R1.3bn Sandton precinct planned

By Anna Cox Time of article published Jul 22, 2015

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Johannesburg - The Sandton skyline is set to change with the imminent construction of a number of new high-rise buildings above the Gautrain station, which could be up to 45 floors.

Work on the R1.3 billion Kgoro Gateway precinct is expected to start soon following the relocation of the temporary taxi rank to a permanent facility in April.

Kgoro will be a mixed-use precinct developed around a public square.

“This is going to be one of Africa’s premier urban developments which is taking place in the heart of Sandton and is being hailed as an ‘Afropolitan’ meeting place,” said Alan Dinnie, senior manager of development at the Johannesburg Property Company.

In addition to retail and office space, Kgoro Gateway will incorporate a residential and hotel development, as well as an art museum and gallery. The public library will be retained.

The design of the line shops on Rivonia Road and West Street has been completed and contracts awarded to fit out the shops.

The development is a public-private partnership.

The Sandton Gautrain station will become an integrated transport facility, known as a public transport interchange (PTI), which will cater for the train, metered taxis and minibus taxis.

Dinnie said the new Sandton taxi rank on the ground floor of the Gautrain station accommodated 89 vehicles and had a nine-lane routing system.

The PTI provides an ideal landing point for visitors to the city and daily commuters and will enable them to switch between various modes of public transport.

The relocation of the rank was completed following a complex process of negotiations between various stakeholders including the city, the Gauteng government, taxi associations and trade representatives.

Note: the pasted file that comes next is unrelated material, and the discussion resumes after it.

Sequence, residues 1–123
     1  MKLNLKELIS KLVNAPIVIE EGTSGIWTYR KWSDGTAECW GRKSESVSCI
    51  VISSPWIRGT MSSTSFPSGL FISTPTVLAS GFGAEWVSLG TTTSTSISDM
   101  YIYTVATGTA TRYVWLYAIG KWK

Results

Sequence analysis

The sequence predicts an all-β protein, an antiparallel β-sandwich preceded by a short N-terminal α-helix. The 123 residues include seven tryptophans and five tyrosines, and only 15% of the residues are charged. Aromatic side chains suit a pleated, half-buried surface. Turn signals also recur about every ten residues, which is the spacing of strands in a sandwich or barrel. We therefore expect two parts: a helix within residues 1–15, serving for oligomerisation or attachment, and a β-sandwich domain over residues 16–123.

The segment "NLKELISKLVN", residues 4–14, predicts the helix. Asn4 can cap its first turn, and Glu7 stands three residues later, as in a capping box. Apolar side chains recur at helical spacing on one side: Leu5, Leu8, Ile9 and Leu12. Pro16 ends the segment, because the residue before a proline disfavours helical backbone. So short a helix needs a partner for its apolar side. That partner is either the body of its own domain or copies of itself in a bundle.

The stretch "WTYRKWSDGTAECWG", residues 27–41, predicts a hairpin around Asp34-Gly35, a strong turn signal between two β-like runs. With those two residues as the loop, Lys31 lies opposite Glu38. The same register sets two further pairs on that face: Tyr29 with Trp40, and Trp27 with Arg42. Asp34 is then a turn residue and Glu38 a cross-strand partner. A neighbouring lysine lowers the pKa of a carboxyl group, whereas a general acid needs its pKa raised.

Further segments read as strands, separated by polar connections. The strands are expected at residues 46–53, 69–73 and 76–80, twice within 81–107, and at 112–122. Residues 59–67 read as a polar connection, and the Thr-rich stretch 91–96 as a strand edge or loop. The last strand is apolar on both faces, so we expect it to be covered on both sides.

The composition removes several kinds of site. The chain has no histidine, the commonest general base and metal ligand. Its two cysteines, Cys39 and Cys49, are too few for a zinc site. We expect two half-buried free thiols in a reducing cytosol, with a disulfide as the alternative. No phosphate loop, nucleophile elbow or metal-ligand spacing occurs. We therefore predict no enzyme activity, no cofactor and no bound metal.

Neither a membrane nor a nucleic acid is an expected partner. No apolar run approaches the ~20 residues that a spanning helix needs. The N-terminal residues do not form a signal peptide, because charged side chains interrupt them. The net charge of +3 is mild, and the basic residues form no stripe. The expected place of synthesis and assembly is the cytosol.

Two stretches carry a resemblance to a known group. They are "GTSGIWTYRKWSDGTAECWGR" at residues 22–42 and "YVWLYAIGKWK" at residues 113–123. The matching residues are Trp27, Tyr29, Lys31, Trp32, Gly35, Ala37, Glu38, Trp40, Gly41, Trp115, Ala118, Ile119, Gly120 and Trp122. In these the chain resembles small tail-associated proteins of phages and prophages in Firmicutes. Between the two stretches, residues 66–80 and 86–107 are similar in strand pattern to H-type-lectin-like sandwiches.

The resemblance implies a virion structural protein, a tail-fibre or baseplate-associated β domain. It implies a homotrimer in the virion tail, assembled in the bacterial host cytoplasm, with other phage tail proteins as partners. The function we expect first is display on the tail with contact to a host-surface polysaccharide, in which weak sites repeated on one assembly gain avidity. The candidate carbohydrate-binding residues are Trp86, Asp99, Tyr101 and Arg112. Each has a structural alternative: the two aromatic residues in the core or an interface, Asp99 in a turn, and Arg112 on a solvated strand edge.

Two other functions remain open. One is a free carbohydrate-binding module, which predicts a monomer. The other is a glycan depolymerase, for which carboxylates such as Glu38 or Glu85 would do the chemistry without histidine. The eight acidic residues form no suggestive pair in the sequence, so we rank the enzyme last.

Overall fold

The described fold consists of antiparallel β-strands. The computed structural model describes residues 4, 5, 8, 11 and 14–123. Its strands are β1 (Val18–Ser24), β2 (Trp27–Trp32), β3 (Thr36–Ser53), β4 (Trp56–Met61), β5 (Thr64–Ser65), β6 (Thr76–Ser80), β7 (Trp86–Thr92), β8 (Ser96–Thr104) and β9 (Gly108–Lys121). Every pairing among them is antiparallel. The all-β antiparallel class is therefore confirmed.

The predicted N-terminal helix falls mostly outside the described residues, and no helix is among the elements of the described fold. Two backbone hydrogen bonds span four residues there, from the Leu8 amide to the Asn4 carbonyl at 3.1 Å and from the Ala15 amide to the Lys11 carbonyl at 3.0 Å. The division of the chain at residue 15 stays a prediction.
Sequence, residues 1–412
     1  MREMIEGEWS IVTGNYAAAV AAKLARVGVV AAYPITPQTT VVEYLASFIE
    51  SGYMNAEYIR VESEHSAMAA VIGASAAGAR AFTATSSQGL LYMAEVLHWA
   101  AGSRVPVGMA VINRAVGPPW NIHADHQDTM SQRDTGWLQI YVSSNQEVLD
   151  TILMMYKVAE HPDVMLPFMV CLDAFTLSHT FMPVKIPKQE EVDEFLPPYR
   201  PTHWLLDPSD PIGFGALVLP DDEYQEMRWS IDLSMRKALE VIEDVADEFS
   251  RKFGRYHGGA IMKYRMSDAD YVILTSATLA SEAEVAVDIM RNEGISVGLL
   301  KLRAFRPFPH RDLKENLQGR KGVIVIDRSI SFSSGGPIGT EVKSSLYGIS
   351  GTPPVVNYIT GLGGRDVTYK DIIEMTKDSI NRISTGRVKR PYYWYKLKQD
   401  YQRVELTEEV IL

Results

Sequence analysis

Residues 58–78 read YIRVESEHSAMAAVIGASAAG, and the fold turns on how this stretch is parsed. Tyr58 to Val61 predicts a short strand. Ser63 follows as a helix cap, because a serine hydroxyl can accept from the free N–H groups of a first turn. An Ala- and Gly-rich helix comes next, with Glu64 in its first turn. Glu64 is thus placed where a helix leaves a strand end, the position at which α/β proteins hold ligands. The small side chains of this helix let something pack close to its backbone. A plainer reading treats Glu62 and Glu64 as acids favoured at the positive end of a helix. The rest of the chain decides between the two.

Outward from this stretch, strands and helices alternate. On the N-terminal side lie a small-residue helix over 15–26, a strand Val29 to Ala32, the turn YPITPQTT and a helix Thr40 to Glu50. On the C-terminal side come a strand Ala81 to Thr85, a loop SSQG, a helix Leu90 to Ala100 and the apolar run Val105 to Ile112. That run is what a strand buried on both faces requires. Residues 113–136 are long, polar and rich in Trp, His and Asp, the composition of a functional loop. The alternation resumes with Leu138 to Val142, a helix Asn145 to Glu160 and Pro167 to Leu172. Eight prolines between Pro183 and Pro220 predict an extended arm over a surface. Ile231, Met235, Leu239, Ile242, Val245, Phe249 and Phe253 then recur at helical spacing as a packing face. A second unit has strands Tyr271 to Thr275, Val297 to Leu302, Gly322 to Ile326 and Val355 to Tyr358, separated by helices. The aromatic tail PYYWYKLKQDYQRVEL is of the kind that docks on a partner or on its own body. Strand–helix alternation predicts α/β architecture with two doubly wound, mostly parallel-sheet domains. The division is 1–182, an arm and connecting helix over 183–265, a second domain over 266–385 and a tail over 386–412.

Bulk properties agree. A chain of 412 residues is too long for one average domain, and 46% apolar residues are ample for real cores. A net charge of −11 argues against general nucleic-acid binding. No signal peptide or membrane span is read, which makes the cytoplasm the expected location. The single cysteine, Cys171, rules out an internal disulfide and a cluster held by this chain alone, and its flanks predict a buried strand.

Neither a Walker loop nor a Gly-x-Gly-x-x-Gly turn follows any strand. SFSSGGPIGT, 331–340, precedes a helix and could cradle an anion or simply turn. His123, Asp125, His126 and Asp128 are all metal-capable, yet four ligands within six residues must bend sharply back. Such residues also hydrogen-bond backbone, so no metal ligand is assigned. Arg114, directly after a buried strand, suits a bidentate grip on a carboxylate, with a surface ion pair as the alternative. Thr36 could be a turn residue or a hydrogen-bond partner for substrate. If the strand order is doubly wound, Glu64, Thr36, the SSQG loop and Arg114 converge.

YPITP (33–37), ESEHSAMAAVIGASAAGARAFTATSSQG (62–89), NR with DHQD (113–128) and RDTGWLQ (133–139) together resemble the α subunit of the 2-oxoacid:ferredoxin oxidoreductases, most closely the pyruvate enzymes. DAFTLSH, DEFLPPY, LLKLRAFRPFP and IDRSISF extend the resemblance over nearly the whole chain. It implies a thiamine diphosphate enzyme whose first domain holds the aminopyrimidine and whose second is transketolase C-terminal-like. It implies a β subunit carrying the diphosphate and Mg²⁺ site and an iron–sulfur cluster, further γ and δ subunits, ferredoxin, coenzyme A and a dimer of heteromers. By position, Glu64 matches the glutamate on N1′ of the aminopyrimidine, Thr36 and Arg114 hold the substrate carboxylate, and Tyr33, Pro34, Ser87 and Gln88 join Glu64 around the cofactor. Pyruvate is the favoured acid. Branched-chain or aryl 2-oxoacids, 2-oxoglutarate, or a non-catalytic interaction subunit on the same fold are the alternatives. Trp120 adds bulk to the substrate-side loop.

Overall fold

The new, high-end taxi rank includes offices, a marshal’s office, security control rooms, a relaxation area for drivers, public restrooms and 22 fully fitted stalls.

With 300 000 vehicles a day entering and leaving Sandton – a number expected to double in the next 10 years – the City of Joburg is in a major drive to encourage people to use public transport.

By October there will be dedicated cycling, pedestrian and public transport lanes, as well as most of the Rea Vaya services.

A new fleet of 150 Metrobus buses will also be operational.

These buses operate on environmentally friendly combustion systems.

In addition, many of the existing Metrobus buses will be retrofitted with a dual fuel system – natural gas and diesel.

The city is also constructing a R130 million pedestrian and cycle bridge over the M1 to cater for the 10 000 people who commute between Alexandra and Sandton.

A BRT bridge will also be constructed over the M1 by the end of next year.

In October, Transport Month, the city will be hosting an international EcoMobility World Festival and Exhibition during which most of the streets in Sandton will be closed off to private vehicles.

At the launch, mayor Parks Tau said the reality was that when Sandton City was built in 1973, the city did not expect the neighbouring area to become the economic epicentre of Joburg.

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The Star

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